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Perception of important information in corporate social disclosures: evidence from Indonesia


  • Juniatí Gunawan


Purpose - The purpose of this paper is to investigate the most important corporate social disclosure (CSD) as perceived by the Indonesian stakeholders and the disclosures in Indonesian listed companies' annual reports. Design/methodology/approach - Questionnaire and content analysis methods were applied for the purpose of the study. A total of 306 people from six primary stakeholder groups (shareholders, investors, customers, employees, suppliers, and communities) provided their opinions by ranking the importance of every theme of disclosure. Further, the information disclosed by 119 Indonesian listed companies in their 2003, 2004, and 2005 annual reports was examined. Findings - The results show that there are gaps between the most important information perceived by the stakeholders and the information disclosed by the companies. This result may indicate that the information disclosed by the companies has not fulfilled the stakeholders' needs. Therefore, the stakeholder theory should be investigated further in this context. Research limitations/implications - The study is expected to assist Indonesian businesses to focus on the information they disclose in their CSD particularly as a consequence of their corporate social responsibility (CSR). Originality/value - The paper is based on an original study that addresses the current gap between the CSD needed by the stakeholders and the fact that CSD has been disclosed in the companies' annual reports. The study is particularly valuable for both stakeholders and companies.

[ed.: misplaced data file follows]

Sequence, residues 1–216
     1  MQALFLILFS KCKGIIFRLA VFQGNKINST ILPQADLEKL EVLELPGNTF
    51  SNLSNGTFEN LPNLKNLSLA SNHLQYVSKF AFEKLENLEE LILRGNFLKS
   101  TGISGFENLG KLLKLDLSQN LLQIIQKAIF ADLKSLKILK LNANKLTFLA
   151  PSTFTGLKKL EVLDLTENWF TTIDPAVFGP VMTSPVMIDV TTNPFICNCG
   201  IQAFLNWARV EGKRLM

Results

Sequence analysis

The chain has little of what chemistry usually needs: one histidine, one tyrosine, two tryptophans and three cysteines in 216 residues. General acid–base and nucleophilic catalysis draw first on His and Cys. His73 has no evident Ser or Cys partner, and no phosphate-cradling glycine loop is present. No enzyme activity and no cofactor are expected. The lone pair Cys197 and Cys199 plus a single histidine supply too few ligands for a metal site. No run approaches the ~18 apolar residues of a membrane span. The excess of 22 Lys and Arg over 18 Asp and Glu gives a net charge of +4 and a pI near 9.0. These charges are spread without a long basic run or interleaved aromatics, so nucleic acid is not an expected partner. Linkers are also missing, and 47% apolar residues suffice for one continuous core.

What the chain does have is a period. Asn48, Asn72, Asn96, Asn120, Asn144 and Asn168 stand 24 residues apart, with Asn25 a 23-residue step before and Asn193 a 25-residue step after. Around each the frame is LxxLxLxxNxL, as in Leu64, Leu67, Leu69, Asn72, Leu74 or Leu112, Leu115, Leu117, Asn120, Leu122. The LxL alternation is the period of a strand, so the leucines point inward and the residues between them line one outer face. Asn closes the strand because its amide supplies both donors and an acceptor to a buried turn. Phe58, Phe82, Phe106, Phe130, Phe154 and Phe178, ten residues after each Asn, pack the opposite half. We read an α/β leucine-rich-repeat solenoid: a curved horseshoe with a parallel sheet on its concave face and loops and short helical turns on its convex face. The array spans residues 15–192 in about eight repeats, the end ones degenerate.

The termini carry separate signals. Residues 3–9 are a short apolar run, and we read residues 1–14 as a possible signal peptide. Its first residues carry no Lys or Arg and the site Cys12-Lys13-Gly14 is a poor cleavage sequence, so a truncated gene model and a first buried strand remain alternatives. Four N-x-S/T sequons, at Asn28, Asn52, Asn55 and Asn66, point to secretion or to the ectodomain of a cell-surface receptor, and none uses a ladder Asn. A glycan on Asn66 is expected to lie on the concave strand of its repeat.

Suggested Citation

  • Juniatí Gunawan, 2010. "Perception of important information in corporate social disclosures: evidence from Indonesia," Social Responsibility Journal, Emerald Group Publishing, vol. 6(1), pages 62-71, March.
  • Handle: RePEc:eme:srjpps:v:6:y:2010:i:1:p:62-71

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    Cited by:

    1. Nahg Abdul Majid Alawi & Azhar Abdul Rahman & Azlan Amran & Mehran Nejati, 2016. "Does family group affiliation matter in CSR reporting? Evidence from Yemen," Afro-Asian Journal of Finance and Accounting, Inderscience Enterprises Ltd, vol. 6(1), pages 12-30.


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